Even though you may be too sick or disabled to have a realistic chance of finding work, you may be forced to claim JSA because you haven’t scored enough points at your work capability assessment for ESA.
If you are challenging the decision that you are fit for work you may have to claim JSA until a decision is made about your mandatory reconsideration request.
Of course, if you are unsuccessful and the decision isn’t changed, you can then appeal, at which time you can re-claim ESA until your appeal is heard.
If your appeal has been refused, however, you may have to claim JSA on a longer-term basis.
How to claim JSA
To make a claim for Jobseekers Allowance, you will need to phone the claim line number: 0800 055 66 88.
You will be invited in to your local jobcentre for an initial meeting with an adviser, who will go through all the details about your circumstances and finances, as well as your skills, abilities and health conditions.
At this meeting, they will also explain what you need to do to meet the entitlement conditions for JSA.
A decision will then be made about whether you are entitled to contribution based JSA or income related JSA (or both), depending on your National Insurance contributions and your circumstances.
You may feel you’re in a “catch 22” situation – you’re too sick to work but not sick enough to satisfy the criteria for ESA.
The law may be black and white, with the criteria so tightly defined and enforced, but the staff in the jobcentre (or even the work programme provider) should be trained to be flexible and creative about the types of activity they expect you to carry out to satisfy the strict rules on “actively seeking” employment.
If you have a health condition that affects your ability to look for, or engage in, paid employment, it is essential that any restrictions are noted and accepted by the jobcentre when agreeing to your “claimant commitment” (previously called jobseekers agreement).
The claimant commitment, which is currently being rolled out across the country is more detailed and clear about the expectations that will be placed on you to satisfy ongoing entitlement to Jobseekers Allowance. However, any health conditions that might affect your ability should be taken into account.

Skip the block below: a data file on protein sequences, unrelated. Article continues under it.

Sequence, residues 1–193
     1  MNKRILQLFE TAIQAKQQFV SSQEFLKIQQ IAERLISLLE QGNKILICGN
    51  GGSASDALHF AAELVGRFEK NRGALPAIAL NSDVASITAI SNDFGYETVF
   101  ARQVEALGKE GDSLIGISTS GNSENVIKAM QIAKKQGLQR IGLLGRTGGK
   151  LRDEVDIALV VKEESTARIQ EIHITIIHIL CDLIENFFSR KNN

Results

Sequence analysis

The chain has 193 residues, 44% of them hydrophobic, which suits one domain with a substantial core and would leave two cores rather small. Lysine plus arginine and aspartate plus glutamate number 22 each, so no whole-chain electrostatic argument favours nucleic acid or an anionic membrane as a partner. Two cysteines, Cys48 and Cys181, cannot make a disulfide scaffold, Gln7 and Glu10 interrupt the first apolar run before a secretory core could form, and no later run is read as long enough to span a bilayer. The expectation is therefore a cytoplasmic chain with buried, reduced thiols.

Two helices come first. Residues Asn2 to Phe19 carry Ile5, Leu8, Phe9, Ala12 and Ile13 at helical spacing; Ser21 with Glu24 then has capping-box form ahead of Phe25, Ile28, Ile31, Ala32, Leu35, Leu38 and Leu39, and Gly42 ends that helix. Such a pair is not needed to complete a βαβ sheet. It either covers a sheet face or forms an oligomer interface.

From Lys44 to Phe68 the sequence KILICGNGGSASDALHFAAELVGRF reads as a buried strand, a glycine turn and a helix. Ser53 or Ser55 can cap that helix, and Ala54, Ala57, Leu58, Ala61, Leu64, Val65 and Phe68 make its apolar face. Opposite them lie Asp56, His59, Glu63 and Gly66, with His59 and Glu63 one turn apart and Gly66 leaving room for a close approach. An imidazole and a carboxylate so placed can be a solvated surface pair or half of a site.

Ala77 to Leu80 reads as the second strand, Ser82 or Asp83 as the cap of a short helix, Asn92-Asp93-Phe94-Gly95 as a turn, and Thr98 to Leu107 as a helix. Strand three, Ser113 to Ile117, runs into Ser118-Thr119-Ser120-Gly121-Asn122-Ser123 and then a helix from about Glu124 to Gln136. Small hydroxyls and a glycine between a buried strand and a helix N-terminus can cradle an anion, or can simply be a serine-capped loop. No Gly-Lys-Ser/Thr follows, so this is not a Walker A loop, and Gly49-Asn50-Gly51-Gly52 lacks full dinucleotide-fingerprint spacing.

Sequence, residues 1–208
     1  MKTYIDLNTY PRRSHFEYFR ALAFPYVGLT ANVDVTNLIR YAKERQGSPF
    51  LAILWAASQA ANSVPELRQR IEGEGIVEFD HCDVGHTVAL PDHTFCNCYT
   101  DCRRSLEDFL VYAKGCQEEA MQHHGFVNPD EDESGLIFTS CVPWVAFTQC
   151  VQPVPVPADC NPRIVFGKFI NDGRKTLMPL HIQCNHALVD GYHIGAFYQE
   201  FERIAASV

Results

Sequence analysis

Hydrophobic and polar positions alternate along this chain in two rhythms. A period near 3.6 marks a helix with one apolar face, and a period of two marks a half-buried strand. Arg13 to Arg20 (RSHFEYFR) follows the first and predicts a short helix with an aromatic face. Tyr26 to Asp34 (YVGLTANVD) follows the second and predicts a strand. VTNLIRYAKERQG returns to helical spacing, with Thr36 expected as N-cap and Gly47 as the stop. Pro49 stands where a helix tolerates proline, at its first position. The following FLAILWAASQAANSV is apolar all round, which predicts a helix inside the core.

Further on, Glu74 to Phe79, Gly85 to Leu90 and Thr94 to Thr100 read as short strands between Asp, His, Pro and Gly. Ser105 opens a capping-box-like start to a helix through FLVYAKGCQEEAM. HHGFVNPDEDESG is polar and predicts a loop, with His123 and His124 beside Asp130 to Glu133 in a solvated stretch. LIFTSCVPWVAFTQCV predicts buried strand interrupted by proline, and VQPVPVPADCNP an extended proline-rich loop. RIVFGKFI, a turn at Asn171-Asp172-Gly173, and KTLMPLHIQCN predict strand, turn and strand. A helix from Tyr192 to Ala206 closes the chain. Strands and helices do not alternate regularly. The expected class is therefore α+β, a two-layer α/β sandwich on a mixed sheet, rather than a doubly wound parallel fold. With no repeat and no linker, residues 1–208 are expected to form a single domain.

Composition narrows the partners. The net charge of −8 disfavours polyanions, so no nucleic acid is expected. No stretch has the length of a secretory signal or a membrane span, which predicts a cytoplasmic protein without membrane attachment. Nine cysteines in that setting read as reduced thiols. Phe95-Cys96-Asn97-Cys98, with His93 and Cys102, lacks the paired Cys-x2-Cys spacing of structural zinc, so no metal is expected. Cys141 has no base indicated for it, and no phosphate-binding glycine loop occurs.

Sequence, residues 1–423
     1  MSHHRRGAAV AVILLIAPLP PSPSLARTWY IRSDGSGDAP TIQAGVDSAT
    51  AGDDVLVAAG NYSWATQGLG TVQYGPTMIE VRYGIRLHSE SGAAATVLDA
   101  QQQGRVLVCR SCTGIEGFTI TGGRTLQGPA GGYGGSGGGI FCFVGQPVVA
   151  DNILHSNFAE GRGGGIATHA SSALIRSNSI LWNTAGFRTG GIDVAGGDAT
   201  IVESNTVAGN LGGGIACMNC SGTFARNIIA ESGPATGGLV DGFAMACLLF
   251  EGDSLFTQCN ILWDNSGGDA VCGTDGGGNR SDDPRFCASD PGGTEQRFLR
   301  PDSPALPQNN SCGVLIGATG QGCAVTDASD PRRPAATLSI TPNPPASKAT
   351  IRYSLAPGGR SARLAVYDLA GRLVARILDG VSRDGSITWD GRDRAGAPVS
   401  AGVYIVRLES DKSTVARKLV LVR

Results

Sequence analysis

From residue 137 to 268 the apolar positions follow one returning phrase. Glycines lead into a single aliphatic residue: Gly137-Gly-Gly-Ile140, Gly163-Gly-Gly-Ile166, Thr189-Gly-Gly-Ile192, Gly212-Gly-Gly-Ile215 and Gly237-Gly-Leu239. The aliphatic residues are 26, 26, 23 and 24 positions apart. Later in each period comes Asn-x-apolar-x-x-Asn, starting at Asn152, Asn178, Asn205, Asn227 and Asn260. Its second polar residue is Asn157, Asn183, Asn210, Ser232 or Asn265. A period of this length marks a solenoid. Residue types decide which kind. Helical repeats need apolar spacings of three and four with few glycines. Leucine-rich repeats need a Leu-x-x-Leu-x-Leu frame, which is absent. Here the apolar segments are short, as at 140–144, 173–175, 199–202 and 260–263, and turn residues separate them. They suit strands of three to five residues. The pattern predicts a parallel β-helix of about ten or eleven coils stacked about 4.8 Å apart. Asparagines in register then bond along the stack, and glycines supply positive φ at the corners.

In practice, the skills, ability and attitude of the jobcentre staff will vary considerably and you need to be aware that anything you agree to do will be checked and confirmed.
If you aren’t happy with the manner or demands that your adviser (or work coach as they are now called) places on you, there are complaints procedures that you can follow.
Keeping to your jobseeker's agreement or claimant commitment
If you agree to carry out activity and you fail to do so, not only do you risk losing your benefit for the week or two in question, but you risk being sanctioned for a period of 4 weeks (for the first “offence”) or more.
See our Sanctions page for more details.
The kinds of activity that might be written into your claimant commitment include: regularly looking on employment websites or in newspapers, registering with employment agencies, going on skills training (such as computer courses, CV writing or interviewing techniques), applying for every suitable job, engaging in voluntary placements and so on.
Opportunities for training or voluntary work are likely to vary widely, depending on local resources and training providers.
Despite the problems associated with Universal Jobmatch – the government-funded and widely promoted job search site – you are very likely to be expected to sign up for an account so that all of your job seeking activity can be easily checked by your adviser.
If you have any problems with your adviser, the content of your claimant commitment or in meeting any of the “actively seeking work” requirements, you can complain to the jobcentre manager and ask that you are allocated a specialist disability employment adviser.